I walked out of HMV carrying two VHS movies: Beavis and Butt-Head Do America, and Reservoir Dogs. I didn’t fully realize at the time that these would be the last two movies I bought on the aged format, but there was that inkling. DVD was just around the corner, after all.
My VHS collection was modest, but I can’t help but think that if I was a bit older and more importantly, had money, that I would have had a much larger collection. Just as I was entering high school more films were being released on VHS in their “as the director originally intended” widescreen format. Fox released an entire series of special editions (of which my friend had many) and I picked up a couple, as well as a few other editions. Notably, I was most proud of my copy of The Rock, and reveled in its widescreen glory. I would often order PPV movies when they were widescreen, and record them onto my own tapes.
Then, DVD came out and rendered all these tapes obsolete overnight. I knew it was coming, but I didn’t know how big it would really be.
In the winter months of 1997, I was in North Bay visiting family. Being a bit bored, and with my fresh drivers license, I decided to head over to the mall and quickly found myself in Wal-Mart. The store was nicer back then: it was still new, novel. And North Bay seemed to have one of the better ones. In present times, Wal-Mart is a soul crusher of retail destruction. Every time I go in the pressure of gigantic box store consumerism bears down on me and I find myself going home to curl up in the fetal position and sing myself to peace. In 1997 though, it was a different game. I make a bee-line for the electronics section, as I always do, and was perusing the movie section when I saw a small cardboard box sitting on top of the shelf. In it, were about 20 DVDs. It may have been the first time I saw them in store, and my excitement was difficult to contain.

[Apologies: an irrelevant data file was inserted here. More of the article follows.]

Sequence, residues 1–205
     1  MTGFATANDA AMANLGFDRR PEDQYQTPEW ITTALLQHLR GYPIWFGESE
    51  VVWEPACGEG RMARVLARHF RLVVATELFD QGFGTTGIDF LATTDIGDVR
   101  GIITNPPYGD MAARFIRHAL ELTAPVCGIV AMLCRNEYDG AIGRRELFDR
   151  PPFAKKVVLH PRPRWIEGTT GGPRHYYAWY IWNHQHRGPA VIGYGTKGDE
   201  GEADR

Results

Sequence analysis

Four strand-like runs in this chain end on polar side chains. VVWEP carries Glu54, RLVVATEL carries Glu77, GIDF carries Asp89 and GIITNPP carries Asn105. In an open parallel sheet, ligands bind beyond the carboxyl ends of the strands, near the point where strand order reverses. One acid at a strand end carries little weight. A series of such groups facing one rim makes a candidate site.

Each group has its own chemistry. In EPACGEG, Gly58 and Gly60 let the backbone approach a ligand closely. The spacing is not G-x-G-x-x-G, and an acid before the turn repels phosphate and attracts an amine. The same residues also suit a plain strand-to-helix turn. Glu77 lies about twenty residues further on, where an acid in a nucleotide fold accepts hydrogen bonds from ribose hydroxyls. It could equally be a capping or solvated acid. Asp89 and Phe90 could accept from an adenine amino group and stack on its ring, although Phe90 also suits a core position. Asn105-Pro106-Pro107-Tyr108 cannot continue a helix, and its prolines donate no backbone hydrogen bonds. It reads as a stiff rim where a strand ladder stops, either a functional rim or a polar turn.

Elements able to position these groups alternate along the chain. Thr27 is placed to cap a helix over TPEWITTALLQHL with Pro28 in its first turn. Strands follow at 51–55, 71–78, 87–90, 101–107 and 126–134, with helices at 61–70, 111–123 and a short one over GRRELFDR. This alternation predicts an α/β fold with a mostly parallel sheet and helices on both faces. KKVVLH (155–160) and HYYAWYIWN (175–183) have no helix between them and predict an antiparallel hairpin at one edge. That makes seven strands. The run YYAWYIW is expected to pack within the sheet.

Two titles were in my grasp, and I found myself wandering to the checkout in a zombie like trance of anticipated digital revolution. The cashier didn’t share my excitement, but they rang them through and I slid my debit card to finalize the purchase. The first one I bought was CONTACT, while the second choice was U.S. MARSHALS. They were both released by Warner Bros, in what is now considered old – and horrible – packaging that was mostly cardboard secured by a plastic snap commonly known as “snappers.” CONTACT was a great movie that I had seen a few times, and was well worth the price. U.S. MARSHALS, on the other hand, would become my first blind-buy – I had some money to spare and no other title held my interest. Consequently, it would become one of the first DVDs I sold in The Great DVD Purge, which will be discussed later on. My copy of CONTACT remains in my collection as a memento and symbol of a dawn of the digital age and of serious collecting and critical viewing of movies.
Driving home, I was giddy. My parents were visiting an uncle, and I eagerly showed off my latest purchase. The sixteen year old Ryebone was full of life and energy, as he explained why DVD was superior to tape in a multitude of ways, and how it would change the way we consume movies and television shows. They may not have been convinced, but were amused at my ramblings. They were also in stitches when they discovered that I had no way of playing these CD-sized discs back. They didn’t work any your computer, in your CD player and most definitely not in your VHS player. An investment for the future, I would tell them. In retrospect, it was pretty funny, but I was confident back then – for good reason. DVD would reign supreme to the foreseeable future.
Luckily, my father was into it as well. For Christmas, he picked up a DVD player for the family, and we all got to enjoy digital clarity that day once it was all hooked up. I spared no time in getting it connected to the stereo, and became enveloped in sweeping audio. The intro to CONTACT, where we zoom out of the planet and listen to various radio broadcasts was incredible, and still a demo worthy technical achievement. The picture, going from VHS to DVD was really astounding, and was noticed by everybody we showed it to. There was no doubt that DVD was going to take the world by storm.